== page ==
Temple Theatre

201 N. Washington Avenue,
Saginaw, MI 48607

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MSC77 on December 7, 2021 at 7:00 pm

In what year did Butterfield cease ownership of the Temple Theatre?

Alan Bell
Alan Bell on May 5, 2018 at 1:35 pm

The April 2018 issue of “Sign of the Times” includes an article on the restoration of the marquee and sign of the Temple. https://www.signsofthetimes.com/project/temple-theatre-marquee-signage-rejuvenated-impressive-design-teamwork

According to the article, “The building resembles an early Gothic cathedral and was commissioned nearly a century ago by the Elf Khurafeh Shriners – a fraternal organization like other Shriners, based on fun, fellowship, and the Masonic principles of brotherly love, relief, and truth. Osgood & Osgood Architects of Grand Rapids, MI had produced the original blueprints. As Freemasons, Osgood put more than their usual care into this building design.”

The article goes on to say, “The original marquee from 1927 carried out the “trolley car” design of that era, a rectangle with three sides of advertisement and decorative spires at each corner. The blade had been carefully hand carved and assembled from wood pieces. Over the years and decades, woodpeckers slowly ravaged it and the blade was taken down along with the rest of the marquee in 1961.” But doesn’t say anything about the transition from Masonic Hall to movie theater.

martymia2009 on July 25, 2011 at 2:09 pm

These are beautiful pictures and bring back warm memories of my youth and saturdays at the Movie Theatre and going into another word for the afternoon.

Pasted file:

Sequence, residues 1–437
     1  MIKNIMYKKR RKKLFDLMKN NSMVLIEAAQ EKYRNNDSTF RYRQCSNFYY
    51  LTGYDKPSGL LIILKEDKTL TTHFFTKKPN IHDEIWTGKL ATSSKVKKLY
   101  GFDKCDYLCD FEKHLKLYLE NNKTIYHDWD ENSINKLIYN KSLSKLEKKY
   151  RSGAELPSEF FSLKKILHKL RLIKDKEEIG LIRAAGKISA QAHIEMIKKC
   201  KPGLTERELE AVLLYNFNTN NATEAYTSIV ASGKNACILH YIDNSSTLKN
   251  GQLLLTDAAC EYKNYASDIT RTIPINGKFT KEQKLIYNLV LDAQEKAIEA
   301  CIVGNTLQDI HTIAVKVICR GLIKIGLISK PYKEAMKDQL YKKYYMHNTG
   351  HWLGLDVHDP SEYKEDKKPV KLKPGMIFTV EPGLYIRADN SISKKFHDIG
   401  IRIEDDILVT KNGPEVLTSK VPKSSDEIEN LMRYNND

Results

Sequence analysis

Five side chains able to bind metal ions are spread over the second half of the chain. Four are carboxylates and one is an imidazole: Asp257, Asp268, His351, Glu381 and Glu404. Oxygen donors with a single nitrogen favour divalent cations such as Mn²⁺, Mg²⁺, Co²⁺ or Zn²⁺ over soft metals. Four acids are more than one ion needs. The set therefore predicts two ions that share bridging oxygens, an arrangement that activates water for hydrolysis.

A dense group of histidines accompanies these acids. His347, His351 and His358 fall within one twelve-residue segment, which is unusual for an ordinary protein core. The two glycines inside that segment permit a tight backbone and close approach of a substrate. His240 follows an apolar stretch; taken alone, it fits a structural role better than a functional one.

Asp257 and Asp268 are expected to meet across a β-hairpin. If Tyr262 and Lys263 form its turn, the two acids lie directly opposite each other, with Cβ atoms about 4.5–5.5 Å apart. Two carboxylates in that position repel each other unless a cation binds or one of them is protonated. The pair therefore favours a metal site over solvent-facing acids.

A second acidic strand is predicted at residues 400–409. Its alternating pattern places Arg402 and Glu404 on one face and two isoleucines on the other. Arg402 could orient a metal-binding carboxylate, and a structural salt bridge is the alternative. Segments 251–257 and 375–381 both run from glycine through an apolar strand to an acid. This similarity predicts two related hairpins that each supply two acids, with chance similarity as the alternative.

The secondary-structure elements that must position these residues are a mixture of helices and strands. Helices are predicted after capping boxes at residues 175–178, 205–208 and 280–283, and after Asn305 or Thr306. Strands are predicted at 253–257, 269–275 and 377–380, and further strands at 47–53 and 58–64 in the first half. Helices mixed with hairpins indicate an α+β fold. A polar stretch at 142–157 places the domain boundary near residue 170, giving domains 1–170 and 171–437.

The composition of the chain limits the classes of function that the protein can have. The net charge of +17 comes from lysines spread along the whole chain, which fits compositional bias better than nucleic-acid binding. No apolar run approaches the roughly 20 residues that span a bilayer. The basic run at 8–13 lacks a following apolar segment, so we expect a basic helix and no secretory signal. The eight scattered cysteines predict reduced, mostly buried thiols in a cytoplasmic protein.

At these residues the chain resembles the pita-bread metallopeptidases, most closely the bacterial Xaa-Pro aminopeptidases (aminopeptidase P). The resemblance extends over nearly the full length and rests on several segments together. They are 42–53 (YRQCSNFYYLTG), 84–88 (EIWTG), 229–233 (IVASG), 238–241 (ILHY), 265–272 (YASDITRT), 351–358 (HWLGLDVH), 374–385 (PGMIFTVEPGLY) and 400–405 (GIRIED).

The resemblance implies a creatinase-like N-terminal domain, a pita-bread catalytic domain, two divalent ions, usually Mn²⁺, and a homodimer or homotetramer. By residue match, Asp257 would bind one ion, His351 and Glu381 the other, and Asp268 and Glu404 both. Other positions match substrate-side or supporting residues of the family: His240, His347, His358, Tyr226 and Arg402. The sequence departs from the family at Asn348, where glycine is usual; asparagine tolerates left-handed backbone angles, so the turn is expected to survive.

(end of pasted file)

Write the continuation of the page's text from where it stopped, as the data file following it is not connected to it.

Karen Colizzi Noonan
Karen Colizzi Noonan on March 26, 2011 at 7:51 am

Theatre Historical Society will be visiting this theater during our 2011 Conclave – “The Michigan Roads Less Traveled” June 21-25. See the website for details www.historictheatres.org

Patsy on July 17, 2008 at 7:17 pm

In fact, you can see in the current photos where the vertical marquee was once attached between the 2 round exterior designs.

Patsy on July 17, 2008 at 7:16 pm

After comparing the current to the past photos I noticed that the vertical marquee reading TEMPLE is not on the theatre facade anymore and it should be as I personally don’t like the current look.

Theatremanager on September 30, 2006 at 3:29 am

Patsy, The original marquee was made of wood and became un-repairable. As film titles got longer, it was impossible to place that many letters on the sides of the portico type sign. Therefore the introduction of the ‘pie wedge’ solved all of these problems at once. You can see the two stainless steel plates that cover the “I” beams used to support the old sign, they are above the center of the marquee.

Patsy on September 28, 2006 at 1:54 pm

Wonderful photos of this theatre, but it’s a shame that many of these theatres changed their marquees which were designed in the 20’s and are in keeping with the interior decor.

Theatremanager on September 28, 2006 at 1:05 pm

The Temple Theatre can be viewed in detail at http://www.cinematour.com/tour.php?db=us&id=4304 This site has many excellent photos of the theatre and adjacent banquet and ballroom facilities. The images are very well composed and taken by Brad Miller.

Patsy on March 22, 2006 at 8:49 am

The Temple website (www.templetheatre.com)is really good and worth a look-see!

Patsy on March 22, 2006 at 8:46 am

Chuck: Great b/w photos!

Patsy on January 3, 2006 at 4:30 am

My email is on my profile page if you wish you contact me that way. Thanks for the research work on the Temple.

wlaut on January 2, 2006 at 6:24 pm